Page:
I almost always forget to floss. I haven’t been to the gym in a month. Sometimes, especially when I’m tired, I snap at my kids. And most waking hours I wish I had not said something that I did, though I rarely wish I had said something that I did not.
In other words, I am not perfect. Not even close. I’m not perfect now, and I have a strong suspicion that I will never be perfect, at least not in this lifetime.
But I think perfection has been something that has been set before me for my whole life, by parents, by the media, by the education system, that I should strive for perfection.
If you get an A, you should try for an A+ the next time. If you’re on a diet, you should try to get to your “ideal” weight. The goal is always to do better, to achieve more, to get closer to perfection, in everything you do. And the message that goes with it is, get perfect, be happy. If I could only reach the level of perfection everything would be great.
So what does God have to say about perfection? what does God expect? what does God want for us?
In the beginning.
In the beginning God.
In the beginning God created.
But what did God create? God started with the heavens and the earth, but the earth was a formless void. God created the earth as a formless void. And then God said, “Let there be light,” and there was light.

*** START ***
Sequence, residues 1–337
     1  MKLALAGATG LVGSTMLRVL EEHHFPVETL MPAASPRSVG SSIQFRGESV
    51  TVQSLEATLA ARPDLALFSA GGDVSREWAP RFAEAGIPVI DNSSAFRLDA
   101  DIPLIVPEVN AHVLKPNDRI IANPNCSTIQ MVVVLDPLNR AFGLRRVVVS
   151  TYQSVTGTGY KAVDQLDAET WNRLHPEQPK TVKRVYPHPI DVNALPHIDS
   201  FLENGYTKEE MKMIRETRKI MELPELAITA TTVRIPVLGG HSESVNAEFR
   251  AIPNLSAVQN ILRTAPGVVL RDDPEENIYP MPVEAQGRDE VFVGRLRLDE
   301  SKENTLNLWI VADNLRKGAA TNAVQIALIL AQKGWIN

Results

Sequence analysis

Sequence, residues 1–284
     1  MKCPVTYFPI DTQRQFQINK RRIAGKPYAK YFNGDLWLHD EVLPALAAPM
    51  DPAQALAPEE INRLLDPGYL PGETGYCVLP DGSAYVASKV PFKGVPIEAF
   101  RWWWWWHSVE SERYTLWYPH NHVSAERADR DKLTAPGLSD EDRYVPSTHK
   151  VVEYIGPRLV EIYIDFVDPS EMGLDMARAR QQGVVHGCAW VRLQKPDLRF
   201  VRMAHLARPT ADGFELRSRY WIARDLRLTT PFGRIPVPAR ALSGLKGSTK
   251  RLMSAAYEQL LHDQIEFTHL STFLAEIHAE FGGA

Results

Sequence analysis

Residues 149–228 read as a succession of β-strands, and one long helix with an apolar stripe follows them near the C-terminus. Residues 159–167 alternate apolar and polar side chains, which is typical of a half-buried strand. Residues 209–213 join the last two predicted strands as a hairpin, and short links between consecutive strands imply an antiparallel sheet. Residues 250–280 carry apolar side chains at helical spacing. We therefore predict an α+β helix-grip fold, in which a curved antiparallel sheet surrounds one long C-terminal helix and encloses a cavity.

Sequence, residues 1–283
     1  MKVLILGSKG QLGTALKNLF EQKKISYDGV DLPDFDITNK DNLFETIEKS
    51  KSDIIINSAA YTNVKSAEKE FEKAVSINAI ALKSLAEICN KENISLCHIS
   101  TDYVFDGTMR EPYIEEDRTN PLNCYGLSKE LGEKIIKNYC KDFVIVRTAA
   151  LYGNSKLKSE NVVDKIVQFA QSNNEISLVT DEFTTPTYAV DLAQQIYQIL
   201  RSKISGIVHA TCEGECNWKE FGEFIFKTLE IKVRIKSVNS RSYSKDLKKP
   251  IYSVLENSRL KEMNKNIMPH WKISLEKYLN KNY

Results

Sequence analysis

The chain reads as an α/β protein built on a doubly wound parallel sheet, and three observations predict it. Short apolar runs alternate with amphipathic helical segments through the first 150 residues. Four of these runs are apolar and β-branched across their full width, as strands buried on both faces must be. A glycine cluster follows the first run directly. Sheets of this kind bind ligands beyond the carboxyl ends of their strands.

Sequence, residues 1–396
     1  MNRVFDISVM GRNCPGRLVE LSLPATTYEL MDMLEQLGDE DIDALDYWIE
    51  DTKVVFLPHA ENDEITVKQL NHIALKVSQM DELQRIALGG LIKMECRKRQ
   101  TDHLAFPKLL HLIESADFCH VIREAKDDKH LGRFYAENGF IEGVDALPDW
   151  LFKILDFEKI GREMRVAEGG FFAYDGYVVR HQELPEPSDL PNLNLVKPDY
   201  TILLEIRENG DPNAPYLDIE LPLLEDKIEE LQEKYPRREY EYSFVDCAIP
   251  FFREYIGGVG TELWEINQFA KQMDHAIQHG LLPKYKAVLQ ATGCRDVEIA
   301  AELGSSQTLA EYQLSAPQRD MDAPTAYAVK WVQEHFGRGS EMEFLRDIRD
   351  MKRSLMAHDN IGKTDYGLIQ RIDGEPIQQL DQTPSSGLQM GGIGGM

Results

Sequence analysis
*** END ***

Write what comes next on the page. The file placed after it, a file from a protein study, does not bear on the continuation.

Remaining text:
And God stepped back for a moment of reflection and evaluation. And what God saw was that the light was good. Not perfect. Not finished. Good. And there was evening and there was morning, the first day.
It seems to me that the creation story in Genesis gives us room to wonder about what is perfect in the eyes of God. God, who could create anything, and could create anything in any way that God wanted to, chose to create first a formless void, a blank canvas. God did not choose to create everything all at once, knowing ahead of time (as God probably could) that it would be perfect.
Instead, God chose to start with a blank canvas, and then add some light. And God’s evaluation was that it was good. And that it could use some work. So then God continued to add to the creation. So stars here, some firmament there, some earth and seas, vegetation, animals, every kind of living thing, and then finally, humankind.
And all of it, as God went along, all of it God saw and said it was good. Even very good. But God never said it was finished. In fact, at the end of this creation story, God basically says to the humans, “Look, I’ve set it all in motion, but I could use your help to run things.”